Good times, good times last Saturday night.
I have recently joined a biking/running team with my husband and a couple of friends. It’s a fun group of people who are a lot more hard-core than I am but welcoming despite it. As part of a team, I’m motivated to work harder, set goals again and (this I’ve missed quite a bit) cheer for my teammates.
The two meetings I’ve attended have been both productive and enjoyable–a good mix of each element. My fear was I’d show up to a garage/bike workshop where a bunch of Dolph Lundgren’s cousins cranked track bikes on rollers before they jumped into the axe-hacked ice hole in the frozen lake. Then chewed glass. Then rolled in it.
Well thankfully my teammates are more relaxed–or more thankfully, I missed the meeting with the rollers, the ice jumping, the chewing then rolling in glass.
At the second meeting, most of us were beyond the meet-and-greet stage which hopefully made it comfortable for those who were attending for the first time. If it didn’t, the team captain’s segue into “unfortunate incidences during races” certainly relaxed the crowd.
Here’s his story of the unfortunate incident that happened during a race:
Team Captain was running a trail marathon (26 miles in the woods) in December. After a six-inch snowfall the night before (yes, these are tough people). Anyway, his cousin decided to run the race that morning and while they started out together, fearless captain soon had the lead and held it until nature called. He answered the call far off the narrow track and discovered on his return to the race that his cousin was ahead of him. This evidently was not going to do! Someone who decided to run that morning was not going to be in front of the captain!
Considerably lighter after his detour and with killer determination, he picked up the pace and quickly caught up to his cousin. In the spirit of good sportsmanship, our intrepid captain decided not to make any courtesy announcement as he prepared to pass on the narrow trail, instead he reached out to give his cousin a bum-slap with the full intention of making sure his cousin saw nothing but the back of his woolen-capped head for the rest of the race.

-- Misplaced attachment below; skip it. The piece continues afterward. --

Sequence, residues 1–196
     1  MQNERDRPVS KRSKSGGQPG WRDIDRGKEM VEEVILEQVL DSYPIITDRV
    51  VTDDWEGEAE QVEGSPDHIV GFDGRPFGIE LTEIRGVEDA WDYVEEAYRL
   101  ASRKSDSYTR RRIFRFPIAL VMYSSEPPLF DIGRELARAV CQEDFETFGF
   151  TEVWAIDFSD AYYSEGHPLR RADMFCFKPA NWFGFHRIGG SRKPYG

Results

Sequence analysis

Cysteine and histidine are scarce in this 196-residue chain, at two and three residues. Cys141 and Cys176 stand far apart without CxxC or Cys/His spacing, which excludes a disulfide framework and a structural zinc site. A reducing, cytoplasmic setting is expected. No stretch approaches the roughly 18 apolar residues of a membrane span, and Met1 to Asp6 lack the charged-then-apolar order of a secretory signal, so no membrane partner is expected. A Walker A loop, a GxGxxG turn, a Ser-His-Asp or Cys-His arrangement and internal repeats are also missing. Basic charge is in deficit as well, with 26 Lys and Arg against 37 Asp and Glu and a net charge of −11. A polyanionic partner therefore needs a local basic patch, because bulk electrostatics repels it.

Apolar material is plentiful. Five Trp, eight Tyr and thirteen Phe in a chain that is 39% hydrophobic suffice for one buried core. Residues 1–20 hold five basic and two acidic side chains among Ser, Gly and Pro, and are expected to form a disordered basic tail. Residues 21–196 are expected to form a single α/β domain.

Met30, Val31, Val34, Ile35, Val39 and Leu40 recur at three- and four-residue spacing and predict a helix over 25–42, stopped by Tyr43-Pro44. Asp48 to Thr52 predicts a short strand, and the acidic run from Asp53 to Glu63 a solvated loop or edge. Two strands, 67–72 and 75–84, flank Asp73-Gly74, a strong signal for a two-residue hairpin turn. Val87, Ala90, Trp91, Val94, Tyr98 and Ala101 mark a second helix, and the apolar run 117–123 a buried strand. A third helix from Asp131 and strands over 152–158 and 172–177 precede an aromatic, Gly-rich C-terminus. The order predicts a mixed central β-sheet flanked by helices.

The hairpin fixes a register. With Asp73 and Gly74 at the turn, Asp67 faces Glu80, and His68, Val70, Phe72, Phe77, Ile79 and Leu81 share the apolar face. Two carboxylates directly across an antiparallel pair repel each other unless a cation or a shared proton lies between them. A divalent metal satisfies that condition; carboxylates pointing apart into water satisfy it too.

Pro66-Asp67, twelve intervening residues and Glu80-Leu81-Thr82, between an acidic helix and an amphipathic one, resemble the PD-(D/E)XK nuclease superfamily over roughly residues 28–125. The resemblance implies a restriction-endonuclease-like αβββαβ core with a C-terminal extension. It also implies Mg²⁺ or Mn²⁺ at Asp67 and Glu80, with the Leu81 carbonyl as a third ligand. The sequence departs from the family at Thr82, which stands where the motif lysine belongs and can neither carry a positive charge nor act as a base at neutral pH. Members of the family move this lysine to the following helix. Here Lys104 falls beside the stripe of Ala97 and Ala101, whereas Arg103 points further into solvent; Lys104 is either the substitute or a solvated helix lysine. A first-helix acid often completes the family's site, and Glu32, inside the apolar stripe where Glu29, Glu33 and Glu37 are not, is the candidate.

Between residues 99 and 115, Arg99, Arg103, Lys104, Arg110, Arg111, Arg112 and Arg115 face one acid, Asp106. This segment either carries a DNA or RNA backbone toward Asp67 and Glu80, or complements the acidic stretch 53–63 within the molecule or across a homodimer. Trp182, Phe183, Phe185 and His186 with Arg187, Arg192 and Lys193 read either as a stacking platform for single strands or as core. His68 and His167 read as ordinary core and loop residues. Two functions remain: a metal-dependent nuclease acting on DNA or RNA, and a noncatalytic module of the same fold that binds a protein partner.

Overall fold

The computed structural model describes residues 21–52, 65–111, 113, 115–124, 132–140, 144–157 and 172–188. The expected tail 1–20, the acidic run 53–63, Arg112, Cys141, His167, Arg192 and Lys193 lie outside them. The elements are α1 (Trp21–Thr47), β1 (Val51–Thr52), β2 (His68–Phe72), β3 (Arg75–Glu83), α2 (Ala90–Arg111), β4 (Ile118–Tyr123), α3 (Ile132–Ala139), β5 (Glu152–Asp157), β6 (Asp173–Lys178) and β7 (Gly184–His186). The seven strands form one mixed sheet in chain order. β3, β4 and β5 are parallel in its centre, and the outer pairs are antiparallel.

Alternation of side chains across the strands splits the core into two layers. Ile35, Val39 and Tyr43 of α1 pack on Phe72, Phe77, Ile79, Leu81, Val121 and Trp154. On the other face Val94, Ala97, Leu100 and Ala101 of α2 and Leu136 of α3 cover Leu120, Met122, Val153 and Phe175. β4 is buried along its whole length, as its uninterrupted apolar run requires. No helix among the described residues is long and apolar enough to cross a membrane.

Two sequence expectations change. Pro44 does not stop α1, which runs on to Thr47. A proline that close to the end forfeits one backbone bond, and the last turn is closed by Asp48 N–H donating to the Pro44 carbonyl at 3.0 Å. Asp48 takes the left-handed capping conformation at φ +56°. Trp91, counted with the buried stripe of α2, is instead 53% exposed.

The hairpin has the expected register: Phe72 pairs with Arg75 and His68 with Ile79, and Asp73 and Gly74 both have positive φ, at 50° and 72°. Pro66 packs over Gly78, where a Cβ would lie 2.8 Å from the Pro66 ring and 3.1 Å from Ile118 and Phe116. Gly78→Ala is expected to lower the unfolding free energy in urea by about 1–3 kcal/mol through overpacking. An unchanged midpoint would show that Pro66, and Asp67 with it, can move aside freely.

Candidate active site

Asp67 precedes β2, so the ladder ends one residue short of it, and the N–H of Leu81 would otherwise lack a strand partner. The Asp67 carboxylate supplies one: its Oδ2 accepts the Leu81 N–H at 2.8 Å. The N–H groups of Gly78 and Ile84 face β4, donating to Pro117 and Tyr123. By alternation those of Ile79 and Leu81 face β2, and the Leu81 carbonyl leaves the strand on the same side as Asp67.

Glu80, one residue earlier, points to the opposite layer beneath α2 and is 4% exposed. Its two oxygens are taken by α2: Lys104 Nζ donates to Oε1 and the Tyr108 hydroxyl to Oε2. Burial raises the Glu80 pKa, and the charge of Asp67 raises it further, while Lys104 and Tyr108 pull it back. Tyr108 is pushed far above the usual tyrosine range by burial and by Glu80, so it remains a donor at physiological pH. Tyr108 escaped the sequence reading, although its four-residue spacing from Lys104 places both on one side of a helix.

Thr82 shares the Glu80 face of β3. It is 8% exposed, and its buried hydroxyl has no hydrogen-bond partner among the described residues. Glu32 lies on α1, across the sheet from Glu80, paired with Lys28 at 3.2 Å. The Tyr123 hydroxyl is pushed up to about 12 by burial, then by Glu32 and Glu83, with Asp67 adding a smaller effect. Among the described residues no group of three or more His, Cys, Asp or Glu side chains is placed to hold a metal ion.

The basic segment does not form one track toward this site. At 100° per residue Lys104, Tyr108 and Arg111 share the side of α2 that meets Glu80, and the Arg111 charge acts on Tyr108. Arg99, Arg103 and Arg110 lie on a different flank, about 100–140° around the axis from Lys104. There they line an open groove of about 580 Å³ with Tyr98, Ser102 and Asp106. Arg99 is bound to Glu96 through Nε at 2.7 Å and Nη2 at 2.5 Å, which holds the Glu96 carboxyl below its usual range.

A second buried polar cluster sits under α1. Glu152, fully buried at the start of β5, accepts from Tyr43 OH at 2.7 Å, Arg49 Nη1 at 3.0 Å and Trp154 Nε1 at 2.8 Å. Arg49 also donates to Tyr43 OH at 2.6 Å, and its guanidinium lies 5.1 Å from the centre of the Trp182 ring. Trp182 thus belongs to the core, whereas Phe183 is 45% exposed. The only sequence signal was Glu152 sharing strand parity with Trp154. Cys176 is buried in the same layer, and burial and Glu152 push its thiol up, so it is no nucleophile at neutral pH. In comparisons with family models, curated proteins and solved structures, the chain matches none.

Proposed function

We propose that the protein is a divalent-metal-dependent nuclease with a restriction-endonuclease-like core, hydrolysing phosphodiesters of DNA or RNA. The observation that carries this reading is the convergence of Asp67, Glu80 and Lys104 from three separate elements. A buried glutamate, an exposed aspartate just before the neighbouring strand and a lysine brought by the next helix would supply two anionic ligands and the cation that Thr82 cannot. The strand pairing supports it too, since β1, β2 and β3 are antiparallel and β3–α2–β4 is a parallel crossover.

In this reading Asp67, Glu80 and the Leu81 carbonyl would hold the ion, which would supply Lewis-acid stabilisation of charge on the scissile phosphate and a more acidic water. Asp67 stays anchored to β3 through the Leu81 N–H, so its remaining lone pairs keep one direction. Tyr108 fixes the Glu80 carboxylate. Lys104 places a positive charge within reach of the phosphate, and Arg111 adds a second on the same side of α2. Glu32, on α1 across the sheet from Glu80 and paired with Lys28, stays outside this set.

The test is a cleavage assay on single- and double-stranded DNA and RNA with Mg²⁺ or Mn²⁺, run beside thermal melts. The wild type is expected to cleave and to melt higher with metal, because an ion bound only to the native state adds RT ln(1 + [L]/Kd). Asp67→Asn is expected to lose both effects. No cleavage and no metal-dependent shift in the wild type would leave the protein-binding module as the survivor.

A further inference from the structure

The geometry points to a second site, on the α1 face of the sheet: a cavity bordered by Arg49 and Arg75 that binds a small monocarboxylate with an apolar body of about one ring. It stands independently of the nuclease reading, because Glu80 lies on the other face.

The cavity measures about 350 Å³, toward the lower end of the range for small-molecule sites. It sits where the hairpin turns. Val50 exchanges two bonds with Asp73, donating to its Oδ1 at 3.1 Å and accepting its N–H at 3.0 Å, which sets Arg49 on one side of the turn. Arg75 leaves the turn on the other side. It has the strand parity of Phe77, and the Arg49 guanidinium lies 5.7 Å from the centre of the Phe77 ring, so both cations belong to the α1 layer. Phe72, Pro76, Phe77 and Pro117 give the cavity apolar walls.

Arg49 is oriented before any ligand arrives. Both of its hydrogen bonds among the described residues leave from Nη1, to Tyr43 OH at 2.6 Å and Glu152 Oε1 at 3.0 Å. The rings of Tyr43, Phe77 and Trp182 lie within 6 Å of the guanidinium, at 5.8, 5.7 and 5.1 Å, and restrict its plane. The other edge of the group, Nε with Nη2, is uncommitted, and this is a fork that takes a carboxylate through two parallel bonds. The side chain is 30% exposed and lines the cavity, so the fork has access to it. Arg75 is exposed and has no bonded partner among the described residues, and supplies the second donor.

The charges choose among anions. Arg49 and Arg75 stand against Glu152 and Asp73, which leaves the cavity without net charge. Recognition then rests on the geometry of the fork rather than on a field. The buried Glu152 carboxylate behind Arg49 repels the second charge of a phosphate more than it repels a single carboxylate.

The gods intervened as they often do in light of hubris and our captain tripped on something so instead of a light-hearted tap before making his cousin eat his snow clods, our captain did a 5-second impression of Superman’s flight before sliding face-down for about twenty feet in the snow.
The visual of this still has me laughing. The team heartily enjoyed the story as well and soon started offering alternate moves to the bum-slap when passing someone on a trail race. Then I offered my idea,
“Maybe you should have done the reach-around.”
About half the people in the room started yelling, “Whoa!” “No way!” or “Yeah!”
What I meant is maybe he should have somehow smacked him after he passed, which obviously makes no sense and clearly would have put the captain in a more likely position to fall but I didn’t think that was what they were reacting to.
After that, the phrase “reach-around” was tossed about quite a bit and still not knowing what it meant, I gathered it had something to do with either gayness, men in showers, forbidden placement of one’s hands (intentional? unintentional?) on another person (of the same? opposite? sex).
A second phrase came about shortly after when a god-awful statue was awarded to the last arrival at the meeting. This was a ceramic statue of a dancing Chinese man painted deep red with a gold overlay. The recipient of the award placed it (intentionally I’m certain) on the edge of the counter and was warned to look out for the “Drunken Slap”. The team loved and repeated that “Drunken Slap” as much as “reach around”.
In the car on the way home I confessed to my husband and our dear friends, a married couple that I had no idea what a “reach around” is. Neither did my husband. Nor did the wife.
That left the husband to explain.
Let me tell you about this friend of ours. He was raised Catholic. When you are raised Catholic, you don’t talk about private things! I know this, I was raised Catholic and there was nothing, NOTHING ever discussed that had to do with personal relationships or bodily functions–especially female bodily functions which made for interesting times in a house full of teenage girls.
Anyway, this poor fellow was supposed to enlighten us about the “reach around” but all he could do was say things like, “Argh! You know…ummmm, sheesh! What do you mean you don’t know what it means? Oh, man!…rrrgh!”
His wife began helping him out by saying, “Does it have something to do with Unspeakable body part #1?” and “Is it Unspeakable body part #2 doing Unspeakable act #1?” while her husband groaned and cleared his throat. Finally we got to the definition–it took nearly the entire ride home. And it’s pretty bad. I can’t actually believe I said it.
What on earth do my teammates think of me?